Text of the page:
Today (Nov. 18) is the 15th anniversary of "The Powerpuff Girls"! Through our tears of nostalgia, we realized those three adorable animated heroines were even cooler than we thought. (Also, we're really old.) As "The Book of Jezebel" recently pointed out, the Powerpuff Girls were some of the first truly feminist super-heroines. After reading some scholarly articles (and streaming the entire series on Netflix), we've rounded up some solid evidence to support that idea.
Here's what we found:
The Powerpuff Girls exhibit strength, without compromising their femininity.
Each girl has the power of flight, super-speed, super-strength, super-hearing, heat and X-ray vision -- but those badass abilities aren't mutually exclusive with their freakish cuteness. Of course, this could also be interpreted cynically. As Heather Havrilesky argued in a piece for Salon in 2002: "Striking as these icons of girlhood may be, it could be argued that their popularity may not reflect a dramatic shift in our society’s view of gender roles, but rather our inability to stomach female anger unless it’s sugarcoated in cuteness and scored with a pervasively chirpy, nonthreatening tone."
Regardless, the Powerpuff Girls were a refreshing iteration of super-heroism in the late '90s and early 2000s. Rather than being sorted into tough vs. sexy binary, which most other female heroes are categorized, they represent a paradigm shift in our understanding of the way female power can be packaged.
They are not overly-sexualized, unlike most other super-heroines.
Wearing boxy dresses with Mary Janes, the Powerpuff Girls portray cuteness in lieu of the nearly-naked curviness we associate with the majority of cartoon female superheroes. Our trio of heroes are first and foremost Kindergarten-age little girls, who may use their cuteness to their advantage in battle, but do not count seduction among their many powers (a fact that is made even clearer through their juxtaposition with the lascivious Sedusa).
In fact, the Powerpuff Girls don't really address their sexuality at all. As Evie Kendal notes in her essay on the subject, teen characters like Buffy and Alex Mac grapple with the changes that come along with puberty in a way that impacts their powers. Blossom, Bubbles and Buttercup do not encounter such hormonal interference. "Powerpuff Girls" creator, Craig McCracken, actually intended them to be gender blind. “I don’t think of them as girls," he said, "I think of them as kids." It's nice to see elementary school girls actually allowed to be elementary school girls.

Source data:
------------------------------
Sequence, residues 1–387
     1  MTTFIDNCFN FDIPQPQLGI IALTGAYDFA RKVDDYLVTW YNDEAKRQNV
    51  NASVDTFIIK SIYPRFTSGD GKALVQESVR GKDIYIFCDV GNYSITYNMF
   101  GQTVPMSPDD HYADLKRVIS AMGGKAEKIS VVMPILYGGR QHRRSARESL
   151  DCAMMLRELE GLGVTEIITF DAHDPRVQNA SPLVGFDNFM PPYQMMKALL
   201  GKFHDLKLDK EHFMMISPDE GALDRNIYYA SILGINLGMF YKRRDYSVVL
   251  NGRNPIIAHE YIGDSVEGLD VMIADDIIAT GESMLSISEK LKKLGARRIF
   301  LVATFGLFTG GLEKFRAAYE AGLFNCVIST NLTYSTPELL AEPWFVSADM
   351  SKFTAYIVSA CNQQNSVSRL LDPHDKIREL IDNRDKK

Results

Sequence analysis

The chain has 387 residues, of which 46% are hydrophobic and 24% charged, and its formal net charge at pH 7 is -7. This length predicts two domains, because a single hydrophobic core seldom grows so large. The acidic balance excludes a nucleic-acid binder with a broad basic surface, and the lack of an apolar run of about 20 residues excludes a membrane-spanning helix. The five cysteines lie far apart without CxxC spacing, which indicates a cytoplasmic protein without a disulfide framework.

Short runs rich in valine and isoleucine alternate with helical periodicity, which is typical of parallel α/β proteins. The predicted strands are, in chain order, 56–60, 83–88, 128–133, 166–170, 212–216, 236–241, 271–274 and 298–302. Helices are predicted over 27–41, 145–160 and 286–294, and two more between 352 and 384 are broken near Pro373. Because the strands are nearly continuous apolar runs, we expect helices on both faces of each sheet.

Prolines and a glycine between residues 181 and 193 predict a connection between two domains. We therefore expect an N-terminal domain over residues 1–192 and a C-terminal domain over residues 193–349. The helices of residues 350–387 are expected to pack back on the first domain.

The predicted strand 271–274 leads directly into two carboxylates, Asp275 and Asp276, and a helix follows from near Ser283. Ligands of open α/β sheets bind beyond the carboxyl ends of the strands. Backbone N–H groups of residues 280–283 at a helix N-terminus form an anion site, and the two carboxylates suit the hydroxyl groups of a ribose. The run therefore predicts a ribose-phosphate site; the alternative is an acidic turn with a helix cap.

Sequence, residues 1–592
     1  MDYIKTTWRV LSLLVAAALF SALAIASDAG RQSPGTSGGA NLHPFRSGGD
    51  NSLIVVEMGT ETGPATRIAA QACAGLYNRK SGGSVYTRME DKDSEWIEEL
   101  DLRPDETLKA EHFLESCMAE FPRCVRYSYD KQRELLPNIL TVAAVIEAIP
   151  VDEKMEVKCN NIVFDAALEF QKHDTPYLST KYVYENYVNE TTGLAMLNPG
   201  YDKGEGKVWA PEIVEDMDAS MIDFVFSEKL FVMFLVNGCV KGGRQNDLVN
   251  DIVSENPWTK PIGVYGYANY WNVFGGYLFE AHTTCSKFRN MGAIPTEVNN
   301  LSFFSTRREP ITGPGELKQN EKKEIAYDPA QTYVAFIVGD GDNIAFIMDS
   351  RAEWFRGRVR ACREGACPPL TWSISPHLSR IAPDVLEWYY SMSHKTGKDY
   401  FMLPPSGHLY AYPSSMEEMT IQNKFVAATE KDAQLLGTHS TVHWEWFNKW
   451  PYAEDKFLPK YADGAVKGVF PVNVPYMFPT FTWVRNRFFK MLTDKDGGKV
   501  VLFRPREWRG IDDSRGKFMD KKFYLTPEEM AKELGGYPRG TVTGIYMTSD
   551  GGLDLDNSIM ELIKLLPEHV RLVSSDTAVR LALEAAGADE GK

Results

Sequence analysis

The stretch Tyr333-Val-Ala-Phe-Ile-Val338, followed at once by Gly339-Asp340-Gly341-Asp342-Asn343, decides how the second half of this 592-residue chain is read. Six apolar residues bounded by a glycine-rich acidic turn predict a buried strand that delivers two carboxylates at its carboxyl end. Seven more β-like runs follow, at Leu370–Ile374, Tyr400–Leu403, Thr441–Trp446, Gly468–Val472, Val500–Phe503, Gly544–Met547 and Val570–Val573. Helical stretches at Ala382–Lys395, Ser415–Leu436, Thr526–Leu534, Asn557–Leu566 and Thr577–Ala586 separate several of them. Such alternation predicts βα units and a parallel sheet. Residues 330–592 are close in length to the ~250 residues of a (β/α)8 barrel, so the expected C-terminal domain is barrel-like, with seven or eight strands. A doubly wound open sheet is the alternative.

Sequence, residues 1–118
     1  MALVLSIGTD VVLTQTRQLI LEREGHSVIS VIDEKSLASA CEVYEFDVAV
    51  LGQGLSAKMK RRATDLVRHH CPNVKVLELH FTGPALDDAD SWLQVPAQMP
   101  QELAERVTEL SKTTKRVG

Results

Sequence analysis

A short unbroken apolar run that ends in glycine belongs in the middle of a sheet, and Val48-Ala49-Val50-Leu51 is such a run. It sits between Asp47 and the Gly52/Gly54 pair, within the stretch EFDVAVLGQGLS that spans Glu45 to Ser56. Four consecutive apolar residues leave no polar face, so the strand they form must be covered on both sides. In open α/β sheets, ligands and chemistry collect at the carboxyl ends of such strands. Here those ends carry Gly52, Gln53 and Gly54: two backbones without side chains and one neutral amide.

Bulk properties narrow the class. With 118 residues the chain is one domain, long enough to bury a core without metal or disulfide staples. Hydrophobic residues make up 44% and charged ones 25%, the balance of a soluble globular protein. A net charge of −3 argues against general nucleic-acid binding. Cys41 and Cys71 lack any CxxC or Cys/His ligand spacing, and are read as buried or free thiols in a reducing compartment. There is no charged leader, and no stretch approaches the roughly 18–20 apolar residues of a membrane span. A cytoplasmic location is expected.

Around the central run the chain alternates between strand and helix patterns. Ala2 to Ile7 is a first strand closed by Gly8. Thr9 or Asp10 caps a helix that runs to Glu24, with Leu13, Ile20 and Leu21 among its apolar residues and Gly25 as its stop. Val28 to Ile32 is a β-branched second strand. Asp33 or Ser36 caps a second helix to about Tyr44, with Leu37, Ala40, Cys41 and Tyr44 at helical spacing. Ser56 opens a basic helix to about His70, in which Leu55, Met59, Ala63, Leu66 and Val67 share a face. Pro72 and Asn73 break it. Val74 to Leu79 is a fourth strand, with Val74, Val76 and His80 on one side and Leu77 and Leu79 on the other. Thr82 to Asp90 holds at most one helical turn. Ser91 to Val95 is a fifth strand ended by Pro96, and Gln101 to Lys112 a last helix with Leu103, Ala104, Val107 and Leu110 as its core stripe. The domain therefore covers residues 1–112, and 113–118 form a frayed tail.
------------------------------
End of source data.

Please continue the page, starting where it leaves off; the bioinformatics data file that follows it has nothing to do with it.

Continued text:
They intelligently encounter a misguided feminist, without ridiculing feminism.
In "Equal Fights," the villain Femme Fatale convinces the girls to "hate men" in hopes of facilitating her plan to steal Susan B. Anthony coins from local banks. Since Townsville is essentially a haven of equality, it initially seems that the show is undermining its feminist narrative with the presentation of this character, whose sole purpose is to vanquish men for her personal gain.
Yet, the end of the episode reveals a powerful message about what feminism really means. When the self-proclaimed "feminist of all feminists" is finally caught, she suddenly argues that she deserves less jail time, because she is a woman. Realizing that she has been taken advantage of by this faux feminist, Blossom steps forward and explains that feminism isn't about special treatment; it's about equal treatment.
They subvert the idea of female perfection (through their three very distinct personalities).
Each of the three Powerpuff Girls has a distinct personality and each personality type is validated throughout the show. Third wave feminism, as Lise Shapiro Sanders explains it, "highlights the diversity of women's experiences over similarities amongst women." Blossom is level-headed and mature to the point of being overly serious. She has maternal instincts that allow her to play peace-maker when her sisters fight. Living up to her name, Bubbles is the most ebullient of the group -- the end of the theme song refers to her as "the joy and laughter," and appropriately so. Finally, Buttercup is the most aggressive of the three. And though she's occasionally stubborn, she is extremely protective of Blossom and Bubbles.
The three girls are decidedly different, and the show allows them to be empowered through their varied strengths. Different episodes highlight the pros and cons of their three distinct dispositions. We also see that -- as in real life -- these not-quite-yet women are most powerful when they work together.
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